So, in sum,  the excellent teaching in the History Department coupled with the personal attention particular professors gave to me – a skinny kid from Hammond, Indiana – led to my academic success at Purdue and gave me the foundation for the professional successes I’ve experienced ever since.

Describe your favorite experiences at Purdue as a student.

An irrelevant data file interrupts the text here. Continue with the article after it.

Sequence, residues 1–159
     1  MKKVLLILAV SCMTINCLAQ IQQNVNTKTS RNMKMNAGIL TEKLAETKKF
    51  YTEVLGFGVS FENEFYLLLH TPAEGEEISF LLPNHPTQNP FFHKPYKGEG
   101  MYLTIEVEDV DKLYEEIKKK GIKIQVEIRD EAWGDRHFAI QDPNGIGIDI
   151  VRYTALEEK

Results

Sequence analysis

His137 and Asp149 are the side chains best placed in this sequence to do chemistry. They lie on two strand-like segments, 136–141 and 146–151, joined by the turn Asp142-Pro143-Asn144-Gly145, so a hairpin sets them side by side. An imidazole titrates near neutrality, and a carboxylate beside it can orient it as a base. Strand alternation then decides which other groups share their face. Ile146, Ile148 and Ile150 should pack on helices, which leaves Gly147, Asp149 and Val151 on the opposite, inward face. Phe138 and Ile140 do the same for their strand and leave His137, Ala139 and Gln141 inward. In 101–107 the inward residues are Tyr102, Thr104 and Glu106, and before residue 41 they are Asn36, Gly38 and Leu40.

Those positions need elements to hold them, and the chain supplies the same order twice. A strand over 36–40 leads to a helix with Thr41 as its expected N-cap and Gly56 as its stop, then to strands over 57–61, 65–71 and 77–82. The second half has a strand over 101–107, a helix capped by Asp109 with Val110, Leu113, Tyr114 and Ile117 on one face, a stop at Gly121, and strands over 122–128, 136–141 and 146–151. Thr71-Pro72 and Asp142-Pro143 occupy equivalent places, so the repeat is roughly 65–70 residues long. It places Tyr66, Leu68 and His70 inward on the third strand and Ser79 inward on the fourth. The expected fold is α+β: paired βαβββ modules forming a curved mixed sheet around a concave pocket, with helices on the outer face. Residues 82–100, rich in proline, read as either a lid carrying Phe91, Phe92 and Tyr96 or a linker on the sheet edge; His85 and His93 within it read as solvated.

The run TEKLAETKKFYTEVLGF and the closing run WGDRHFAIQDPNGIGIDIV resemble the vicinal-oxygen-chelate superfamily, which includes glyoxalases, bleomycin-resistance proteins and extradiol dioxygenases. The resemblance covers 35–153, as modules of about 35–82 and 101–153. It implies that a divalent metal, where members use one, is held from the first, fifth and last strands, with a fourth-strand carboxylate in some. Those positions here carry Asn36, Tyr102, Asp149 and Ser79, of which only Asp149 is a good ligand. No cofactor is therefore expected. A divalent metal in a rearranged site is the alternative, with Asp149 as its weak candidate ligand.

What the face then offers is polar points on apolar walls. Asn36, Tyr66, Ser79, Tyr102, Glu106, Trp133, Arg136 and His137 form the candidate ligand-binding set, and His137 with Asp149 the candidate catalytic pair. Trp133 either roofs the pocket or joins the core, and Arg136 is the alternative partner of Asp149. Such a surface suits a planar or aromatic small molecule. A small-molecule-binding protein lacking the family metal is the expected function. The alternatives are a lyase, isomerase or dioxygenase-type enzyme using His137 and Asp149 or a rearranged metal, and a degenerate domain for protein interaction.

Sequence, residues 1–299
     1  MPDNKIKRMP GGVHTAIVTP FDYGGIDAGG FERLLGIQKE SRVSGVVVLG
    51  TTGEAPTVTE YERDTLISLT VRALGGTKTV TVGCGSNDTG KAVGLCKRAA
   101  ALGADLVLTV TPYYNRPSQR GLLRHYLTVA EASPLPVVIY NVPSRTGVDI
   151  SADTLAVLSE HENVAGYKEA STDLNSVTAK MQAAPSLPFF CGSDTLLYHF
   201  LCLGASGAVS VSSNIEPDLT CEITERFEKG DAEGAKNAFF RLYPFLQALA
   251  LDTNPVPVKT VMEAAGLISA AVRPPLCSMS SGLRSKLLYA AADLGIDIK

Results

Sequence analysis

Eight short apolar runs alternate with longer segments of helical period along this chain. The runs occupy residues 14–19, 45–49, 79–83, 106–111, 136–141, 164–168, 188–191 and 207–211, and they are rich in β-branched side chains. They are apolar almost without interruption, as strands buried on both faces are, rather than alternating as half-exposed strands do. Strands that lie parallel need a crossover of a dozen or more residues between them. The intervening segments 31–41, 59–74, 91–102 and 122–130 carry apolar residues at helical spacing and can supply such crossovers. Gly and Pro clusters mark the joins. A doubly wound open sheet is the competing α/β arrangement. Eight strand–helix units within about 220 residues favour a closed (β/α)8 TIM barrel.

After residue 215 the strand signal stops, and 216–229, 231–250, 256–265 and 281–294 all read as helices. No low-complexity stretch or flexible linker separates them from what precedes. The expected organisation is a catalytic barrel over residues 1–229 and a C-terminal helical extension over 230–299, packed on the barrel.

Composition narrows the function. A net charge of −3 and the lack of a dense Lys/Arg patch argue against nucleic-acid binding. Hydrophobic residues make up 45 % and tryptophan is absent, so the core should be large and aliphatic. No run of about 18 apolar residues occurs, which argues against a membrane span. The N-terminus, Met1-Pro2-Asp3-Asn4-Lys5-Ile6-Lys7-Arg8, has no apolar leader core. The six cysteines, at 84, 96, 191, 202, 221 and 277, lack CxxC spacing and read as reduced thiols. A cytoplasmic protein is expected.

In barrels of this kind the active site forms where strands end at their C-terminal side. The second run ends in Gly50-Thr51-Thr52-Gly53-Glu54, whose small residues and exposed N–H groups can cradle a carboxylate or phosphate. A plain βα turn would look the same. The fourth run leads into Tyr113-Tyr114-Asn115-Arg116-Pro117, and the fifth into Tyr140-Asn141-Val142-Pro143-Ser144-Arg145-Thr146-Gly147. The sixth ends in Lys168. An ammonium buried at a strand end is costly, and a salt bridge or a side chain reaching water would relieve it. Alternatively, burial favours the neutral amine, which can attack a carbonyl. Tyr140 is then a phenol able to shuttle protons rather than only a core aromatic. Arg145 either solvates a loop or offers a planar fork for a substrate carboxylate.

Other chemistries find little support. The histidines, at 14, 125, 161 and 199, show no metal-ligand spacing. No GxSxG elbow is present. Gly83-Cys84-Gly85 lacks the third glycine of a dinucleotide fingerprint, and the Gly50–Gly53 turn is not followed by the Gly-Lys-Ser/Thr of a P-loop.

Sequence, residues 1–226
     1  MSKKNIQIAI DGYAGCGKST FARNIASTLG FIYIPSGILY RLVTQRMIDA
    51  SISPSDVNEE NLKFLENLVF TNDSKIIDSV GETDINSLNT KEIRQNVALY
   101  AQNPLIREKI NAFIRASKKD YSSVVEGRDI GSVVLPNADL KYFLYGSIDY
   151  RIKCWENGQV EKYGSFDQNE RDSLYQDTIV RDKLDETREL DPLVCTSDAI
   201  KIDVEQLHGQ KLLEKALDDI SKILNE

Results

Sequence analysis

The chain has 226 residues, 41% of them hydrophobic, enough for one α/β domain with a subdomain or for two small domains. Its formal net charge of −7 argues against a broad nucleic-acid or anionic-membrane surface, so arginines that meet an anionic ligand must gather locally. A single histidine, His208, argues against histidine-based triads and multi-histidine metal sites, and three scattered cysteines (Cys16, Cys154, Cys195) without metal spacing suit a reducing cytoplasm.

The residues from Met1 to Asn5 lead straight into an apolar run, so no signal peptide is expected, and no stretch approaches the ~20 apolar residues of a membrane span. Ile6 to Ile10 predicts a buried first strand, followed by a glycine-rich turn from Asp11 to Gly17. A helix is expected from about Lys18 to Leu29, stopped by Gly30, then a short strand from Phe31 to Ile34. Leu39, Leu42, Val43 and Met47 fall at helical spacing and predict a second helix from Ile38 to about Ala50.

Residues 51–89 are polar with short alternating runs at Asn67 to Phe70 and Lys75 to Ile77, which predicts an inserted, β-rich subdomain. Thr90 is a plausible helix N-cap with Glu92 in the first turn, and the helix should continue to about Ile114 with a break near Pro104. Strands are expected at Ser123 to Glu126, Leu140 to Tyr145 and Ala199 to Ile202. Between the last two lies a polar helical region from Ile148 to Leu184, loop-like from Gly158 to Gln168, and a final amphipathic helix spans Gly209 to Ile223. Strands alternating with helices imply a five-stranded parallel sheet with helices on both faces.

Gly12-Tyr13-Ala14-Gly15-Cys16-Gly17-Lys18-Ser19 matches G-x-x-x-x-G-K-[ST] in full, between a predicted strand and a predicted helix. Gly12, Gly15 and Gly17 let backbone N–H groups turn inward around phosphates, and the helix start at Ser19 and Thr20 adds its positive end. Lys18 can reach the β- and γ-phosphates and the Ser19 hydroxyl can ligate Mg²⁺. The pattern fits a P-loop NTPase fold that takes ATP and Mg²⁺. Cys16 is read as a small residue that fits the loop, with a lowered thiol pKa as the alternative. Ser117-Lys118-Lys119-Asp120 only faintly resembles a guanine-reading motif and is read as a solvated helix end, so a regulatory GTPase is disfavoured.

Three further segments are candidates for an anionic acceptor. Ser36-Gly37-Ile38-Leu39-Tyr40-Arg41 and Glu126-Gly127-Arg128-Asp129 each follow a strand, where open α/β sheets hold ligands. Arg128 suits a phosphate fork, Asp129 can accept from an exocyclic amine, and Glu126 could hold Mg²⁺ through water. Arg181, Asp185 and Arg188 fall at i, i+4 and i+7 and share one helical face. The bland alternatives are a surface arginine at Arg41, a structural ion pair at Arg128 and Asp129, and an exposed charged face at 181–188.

I often tell my students that the years 1968-1972 were the best years in the 20th century to be a college student. The nation was in turmoil, to be sure, and young men were being drafted and sent to Vietnam, some of them never to return. But it was also a very exciting time. Everything seemed to be in flux. Older patterns of behavior – in all aspects of life – were being challenged, rethought and reconfigured. For example, on matters related to gender: my first year at Purdue was the LAST year freshmen women had “hours,” deadlines by which they were to be snug in their dorm room beds every night. It was also, I believe, the last year women students were required to wear skirts in the Student Union. I remember during freshman orientation attending the Green Guard event (Green Guards being sophomore women who wrote letters to incoming freshwomen offering advice, friendship, etc.) at Slater Center and the editor of the Exponent made an announcement about how to obtain birth control at the Student Health Center. Clearly I wasn’t in high school anymore! Not only were gender “barriers” to equality crashing down but even here in the middle of Indiana’s cornfields, people were wearing buttons that proclaimed “Question Authority.” During antiwar demonstrations students would come into class and challenge us to think about why we were attending class rather than protesting the war. It was impossible, actually, to avoid the huge issues of the day….and I found all of it tremendously stimulating.  The disaster at Kent State happened during my sophomore year and I remember (though did not participate in) the takeover of the Armory Building. I did participate in the sit-in at the Student Union my freshman year, although the issue there was less altruistic – protesting a raise in tuition. In response to the student protests President Hovde spoke to the student body about the issue and I learned that collective power could be effective – though, in this case,